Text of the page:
Re: large search spaces don't mean magic

From: Daniel Radetsky (
Date: Tue Aug 02 2005 - 00:24:42 MDT

You're still missing my point, Ben. You wrote:

> I think there is a reasonably good analogy with a dog who has cornered his
> human victim and thinks there's no way the human can escape -- until the
> human is rescued by a helicopter, something the dog has never seen or
> imagined, and which lies outside the world-model of the dog.

The problem with this is that it's uncontroversial that if there is a
helicopter, then dog won't account for it and will be surprised if the human
gets away. However, this puts a damper on the dog's strategy only if there is a
helicopter. If there is no helicopter, then the fact that the dog didn't
account for it doesn't make a difference.

You reason as though you had reason to believe that there was a
helicopter/exploit, and not just that helicopter/exploits are logically

> This doesn't mean that plausible, rational arguments can't be made (even if
> they fall short of full scientific rigor), of course.
> But the only arguments I know how to make to bolster my intuition that
> box-exploits are reasonably likely, are complex arguments that depend on
> detailed arguments about specific places where I think modern physics may be
> incomplete. This is a topic better reviewed in a long technical paper than
> a casual email...

Okay, well if you can't give me a precise answer, can you at least let me in on
the structure of your argument? I say this because I'm not sure rational
arguments can be made (for your position). Consider the structure of your
conclution: "I think I have good reason to believe proposition X about an area
of knowledge that I will never know anything about." That seems paradoxical.

Now, you mention *specific* places where you think that physics is incomplete.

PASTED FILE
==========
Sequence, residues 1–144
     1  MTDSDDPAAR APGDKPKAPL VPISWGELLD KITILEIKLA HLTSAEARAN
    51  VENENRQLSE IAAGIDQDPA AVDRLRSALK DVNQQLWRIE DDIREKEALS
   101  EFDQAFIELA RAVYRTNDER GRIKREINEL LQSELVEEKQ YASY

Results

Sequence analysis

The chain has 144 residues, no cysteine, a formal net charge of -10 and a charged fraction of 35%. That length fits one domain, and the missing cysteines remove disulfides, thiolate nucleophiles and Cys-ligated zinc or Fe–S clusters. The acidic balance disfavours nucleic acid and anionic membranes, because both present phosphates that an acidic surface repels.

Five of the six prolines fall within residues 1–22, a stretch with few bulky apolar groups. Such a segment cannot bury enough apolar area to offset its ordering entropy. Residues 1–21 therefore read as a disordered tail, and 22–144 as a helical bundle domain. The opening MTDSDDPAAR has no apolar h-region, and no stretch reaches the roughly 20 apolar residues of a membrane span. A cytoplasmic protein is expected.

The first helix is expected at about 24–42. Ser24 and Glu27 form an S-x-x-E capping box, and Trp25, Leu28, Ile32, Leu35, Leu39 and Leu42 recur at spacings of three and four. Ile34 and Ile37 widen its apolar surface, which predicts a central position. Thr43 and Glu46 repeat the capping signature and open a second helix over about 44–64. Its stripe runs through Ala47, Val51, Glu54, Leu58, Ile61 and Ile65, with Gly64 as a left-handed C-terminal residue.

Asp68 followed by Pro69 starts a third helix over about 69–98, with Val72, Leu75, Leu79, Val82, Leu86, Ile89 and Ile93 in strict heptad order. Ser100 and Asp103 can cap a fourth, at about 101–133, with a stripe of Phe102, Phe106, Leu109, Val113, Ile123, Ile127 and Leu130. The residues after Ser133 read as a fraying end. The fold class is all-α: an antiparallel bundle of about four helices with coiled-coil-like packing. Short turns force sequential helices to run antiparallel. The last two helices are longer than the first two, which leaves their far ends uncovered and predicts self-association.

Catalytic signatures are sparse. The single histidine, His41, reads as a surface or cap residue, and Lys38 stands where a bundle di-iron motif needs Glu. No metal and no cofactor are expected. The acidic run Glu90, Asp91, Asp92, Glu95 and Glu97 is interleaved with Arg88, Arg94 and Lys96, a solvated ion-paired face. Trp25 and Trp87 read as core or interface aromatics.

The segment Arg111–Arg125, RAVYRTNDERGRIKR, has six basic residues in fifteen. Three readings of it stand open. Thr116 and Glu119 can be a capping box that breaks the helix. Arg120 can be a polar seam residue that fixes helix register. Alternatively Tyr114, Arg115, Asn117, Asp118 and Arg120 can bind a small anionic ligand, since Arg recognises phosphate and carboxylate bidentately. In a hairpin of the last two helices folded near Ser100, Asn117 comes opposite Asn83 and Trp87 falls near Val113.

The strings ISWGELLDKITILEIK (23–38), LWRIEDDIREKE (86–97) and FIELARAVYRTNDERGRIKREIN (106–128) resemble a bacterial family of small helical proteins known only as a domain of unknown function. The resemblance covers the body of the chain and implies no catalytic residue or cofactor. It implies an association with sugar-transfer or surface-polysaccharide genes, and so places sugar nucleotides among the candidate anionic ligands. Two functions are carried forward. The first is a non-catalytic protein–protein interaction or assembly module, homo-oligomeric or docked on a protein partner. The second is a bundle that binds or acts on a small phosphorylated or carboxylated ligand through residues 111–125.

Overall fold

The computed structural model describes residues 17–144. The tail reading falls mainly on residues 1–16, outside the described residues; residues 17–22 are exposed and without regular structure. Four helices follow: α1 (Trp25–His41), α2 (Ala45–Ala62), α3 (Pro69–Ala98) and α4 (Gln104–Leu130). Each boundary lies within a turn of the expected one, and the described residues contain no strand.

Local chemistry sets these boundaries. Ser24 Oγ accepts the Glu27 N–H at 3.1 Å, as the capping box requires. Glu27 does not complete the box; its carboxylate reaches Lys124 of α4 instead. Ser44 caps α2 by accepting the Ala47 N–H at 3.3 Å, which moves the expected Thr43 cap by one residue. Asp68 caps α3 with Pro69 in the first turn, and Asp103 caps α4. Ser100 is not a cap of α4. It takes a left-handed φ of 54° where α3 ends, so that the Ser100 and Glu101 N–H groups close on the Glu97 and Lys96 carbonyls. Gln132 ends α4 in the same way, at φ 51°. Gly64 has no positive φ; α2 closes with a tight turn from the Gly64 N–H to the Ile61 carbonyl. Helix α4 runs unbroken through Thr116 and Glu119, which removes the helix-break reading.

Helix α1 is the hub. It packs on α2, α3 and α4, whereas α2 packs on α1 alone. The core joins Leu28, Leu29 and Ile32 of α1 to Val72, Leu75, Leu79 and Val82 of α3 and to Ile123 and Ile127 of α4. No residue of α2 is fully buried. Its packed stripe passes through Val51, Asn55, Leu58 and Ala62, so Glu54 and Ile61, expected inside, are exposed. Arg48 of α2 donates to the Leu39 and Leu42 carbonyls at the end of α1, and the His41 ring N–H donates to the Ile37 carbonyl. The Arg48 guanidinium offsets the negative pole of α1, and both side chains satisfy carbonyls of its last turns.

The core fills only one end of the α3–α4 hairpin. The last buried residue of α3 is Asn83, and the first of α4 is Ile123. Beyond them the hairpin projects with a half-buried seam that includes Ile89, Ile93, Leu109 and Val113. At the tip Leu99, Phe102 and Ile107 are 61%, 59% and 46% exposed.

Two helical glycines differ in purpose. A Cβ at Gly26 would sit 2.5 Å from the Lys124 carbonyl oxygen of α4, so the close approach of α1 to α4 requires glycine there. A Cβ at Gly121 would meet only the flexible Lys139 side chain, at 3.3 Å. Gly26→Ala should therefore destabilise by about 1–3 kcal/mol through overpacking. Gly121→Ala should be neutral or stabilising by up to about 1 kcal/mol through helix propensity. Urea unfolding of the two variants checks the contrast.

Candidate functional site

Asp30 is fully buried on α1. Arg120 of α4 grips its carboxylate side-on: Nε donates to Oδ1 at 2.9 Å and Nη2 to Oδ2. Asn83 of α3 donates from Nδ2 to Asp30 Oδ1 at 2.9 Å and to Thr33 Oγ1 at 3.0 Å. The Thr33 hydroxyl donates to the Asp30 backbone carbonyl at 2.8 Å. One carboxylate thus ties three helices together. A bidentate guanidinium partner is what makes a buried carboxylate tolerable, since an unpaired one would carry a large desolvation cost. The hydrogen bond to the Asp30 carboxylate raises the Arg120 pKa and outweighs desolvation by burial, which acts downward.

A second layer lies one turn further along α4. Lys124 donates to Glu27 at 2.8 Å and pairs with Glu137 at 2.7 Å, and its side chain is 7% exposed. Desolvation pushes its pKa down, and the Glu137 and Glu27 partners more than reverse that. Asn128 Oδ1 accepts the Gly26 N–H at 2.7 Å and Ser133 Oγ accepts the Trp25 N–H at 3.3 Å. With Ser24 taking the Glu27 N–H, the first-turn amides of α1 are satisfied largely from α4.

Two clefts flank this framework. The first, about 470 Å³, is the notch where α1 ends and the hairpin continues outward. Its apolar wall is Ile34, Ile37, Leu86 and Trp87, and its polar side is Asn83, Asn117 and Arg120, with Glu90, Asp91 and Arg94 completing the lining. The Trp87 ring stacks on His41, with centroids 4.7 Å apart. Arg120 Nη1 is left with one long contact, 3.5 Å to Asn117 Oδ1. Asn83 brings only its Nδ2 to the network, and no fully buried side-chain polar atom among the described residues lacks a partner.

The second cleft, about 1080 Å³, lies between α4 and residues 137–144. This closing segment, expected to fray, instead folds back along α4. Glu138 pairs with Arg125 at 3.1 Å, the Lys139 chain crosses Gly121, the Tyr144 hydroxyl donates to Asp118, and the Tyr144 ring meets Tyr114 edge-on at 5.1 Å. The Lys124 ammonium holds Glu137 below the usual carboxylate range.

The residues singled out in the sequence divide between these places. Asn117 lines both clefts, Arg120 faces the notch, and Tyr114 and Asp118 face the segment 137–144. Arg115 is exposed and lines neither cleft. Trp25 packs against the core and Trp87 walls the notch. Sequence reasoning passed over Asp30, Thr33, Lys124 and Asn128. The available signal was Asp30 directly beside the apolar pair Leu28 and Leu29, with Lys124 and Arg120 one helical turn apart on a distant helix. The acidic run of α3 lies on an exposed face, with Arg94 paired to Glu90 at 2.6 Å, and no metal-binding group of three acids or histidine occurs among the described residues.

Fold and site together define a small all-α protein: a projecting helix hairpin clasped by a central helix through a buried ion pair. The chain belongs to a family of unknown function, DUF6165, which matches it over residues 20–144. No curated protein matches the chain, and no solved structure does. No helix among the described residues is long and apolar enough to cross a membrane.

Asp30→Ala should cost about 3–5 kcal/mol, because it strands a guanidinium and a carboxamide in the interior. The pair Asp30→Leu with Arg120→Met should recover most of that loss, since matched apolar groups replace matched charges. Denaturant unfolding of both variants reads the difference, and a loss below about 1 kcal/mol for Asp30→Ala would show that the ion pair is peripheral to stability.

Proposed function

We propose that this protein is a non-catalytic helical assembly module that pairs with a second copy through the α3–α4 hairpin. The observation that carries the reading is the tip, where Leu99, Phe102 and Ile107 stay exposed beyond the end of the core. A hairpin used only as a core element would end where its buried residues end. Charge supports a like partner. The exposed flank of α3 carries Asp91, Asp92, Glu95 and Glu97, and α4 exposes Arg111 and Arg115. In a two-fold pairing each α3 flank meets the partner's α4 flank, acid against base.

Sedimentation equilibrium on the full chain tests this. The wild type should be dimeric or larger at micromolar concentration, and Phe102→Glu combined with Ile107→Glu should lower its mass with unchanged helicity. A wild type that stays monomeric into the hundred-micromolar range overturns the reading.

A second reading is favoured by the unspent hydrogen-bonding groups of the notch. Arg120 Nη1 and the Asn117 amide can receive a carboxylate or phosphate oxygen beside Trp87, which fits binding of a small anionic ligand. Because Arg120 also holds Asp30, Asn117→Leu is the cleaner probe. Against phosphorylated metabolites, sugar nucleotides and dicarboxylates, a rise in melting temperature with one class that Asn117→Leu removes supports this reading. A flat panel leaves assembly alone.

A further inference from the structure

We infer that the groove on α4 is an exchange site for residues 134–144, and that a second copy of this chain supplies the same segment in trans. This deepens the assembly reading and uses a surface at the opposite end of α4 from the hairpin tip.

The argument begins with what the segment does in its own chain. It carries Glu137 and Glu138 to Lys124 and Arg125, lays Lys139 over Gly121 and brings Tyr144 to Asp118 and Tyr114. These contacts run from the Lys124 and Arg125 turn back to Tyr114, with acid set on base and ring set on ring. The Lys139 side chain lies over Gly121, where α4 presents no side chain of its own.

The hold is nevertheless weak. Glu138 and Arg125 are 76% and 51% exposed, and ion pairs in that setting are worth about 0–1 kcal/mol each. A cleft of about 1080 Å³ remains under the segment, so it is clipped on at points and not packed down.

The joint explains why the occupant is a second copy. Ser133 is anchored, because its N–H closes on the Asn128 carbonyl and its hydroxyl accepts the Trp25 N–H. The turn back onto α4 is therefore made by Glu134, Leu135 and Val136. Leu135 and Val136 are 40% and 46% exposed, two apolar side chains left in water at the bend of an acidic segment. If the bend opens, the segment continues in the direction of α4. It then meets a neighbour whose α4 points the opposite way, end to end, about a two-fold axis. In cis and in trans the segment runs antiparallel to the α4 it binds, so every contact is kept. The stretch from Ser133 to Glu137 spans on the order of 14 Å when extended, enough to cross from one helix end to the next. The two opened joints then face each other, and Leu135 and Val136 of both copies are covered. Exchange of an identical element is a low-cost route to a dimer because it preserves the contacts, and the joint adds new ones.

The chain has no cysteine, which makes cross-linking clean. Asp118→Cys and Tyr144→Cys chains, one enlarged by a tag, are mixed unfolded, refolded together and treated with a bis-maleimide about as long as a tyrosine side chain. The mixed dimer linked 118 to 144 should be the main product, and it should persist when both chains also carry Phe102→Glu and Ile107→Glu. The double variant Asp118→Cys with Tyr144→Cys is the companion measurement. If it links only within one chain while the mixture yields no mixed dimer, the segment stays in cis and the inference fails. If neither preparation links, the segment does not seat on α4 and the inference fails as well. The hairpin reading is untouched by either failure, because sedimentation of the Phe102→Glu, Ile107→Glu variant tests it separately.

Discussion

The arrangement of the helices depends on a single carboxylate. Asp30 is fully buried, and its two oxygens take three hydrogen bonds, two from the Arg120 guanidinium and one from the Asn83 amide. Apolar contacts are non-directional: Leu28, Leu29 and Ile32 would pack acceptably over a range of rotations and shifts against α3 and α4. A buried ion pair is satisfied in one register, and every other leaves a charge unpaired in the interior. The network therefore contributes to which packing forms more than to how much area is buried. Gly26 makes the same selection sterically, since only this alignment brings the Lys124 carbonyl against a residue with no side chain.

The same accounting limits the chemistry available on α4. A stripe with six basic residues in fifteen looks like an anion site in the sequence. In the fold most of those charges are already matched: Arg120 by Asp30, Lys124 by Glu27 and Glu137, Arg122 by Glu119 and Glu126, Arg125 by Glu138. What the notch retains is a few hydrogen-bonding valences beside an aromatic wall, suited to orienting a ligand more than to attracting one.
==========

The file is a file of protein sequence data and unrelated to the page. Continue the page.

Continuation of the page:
I'm not sure what those areas are, but I assume they must be relatively small
sized portions of the domain of possible physics. In making claim (3) from my
previous email, you could have been saying that there is a box-exploit in
*some* area of physics, or in *this* area of physics, "this" being a pretty
specialized area.

I think the "some" argument is pretty hopeless. The "this" argument is somewhat
better, but I have difficulty understanding two problems:

a) How it has anything to do with the "some" argument, which seemed to be the
point of the original "magic" problem.

b) How it squares with this claim you made:

> I may have mentioned "quantum teleportation" as one particular possibility,
> but if this possibility is proved impossible, that doesn't affect my point
> at all.

It seems like the "this" argument just means bringing up a few more
possibilities. I know that you have a finite knowledge of physics, so you could
only have so many possibilities that you could be justified in suspecting had
an exploit. If all of those possibilities were known to not have exploits (or,
assume for the sake of argument that those possibilities do not have exploits):
would you still assert that magic is an issue worth worrying about? It seems
like you would. If so, then you still have to answer my arguments about why I
don't think it's rational to believe in "magic," and you can't use any of your
suppositions about incomplete theories of physics.


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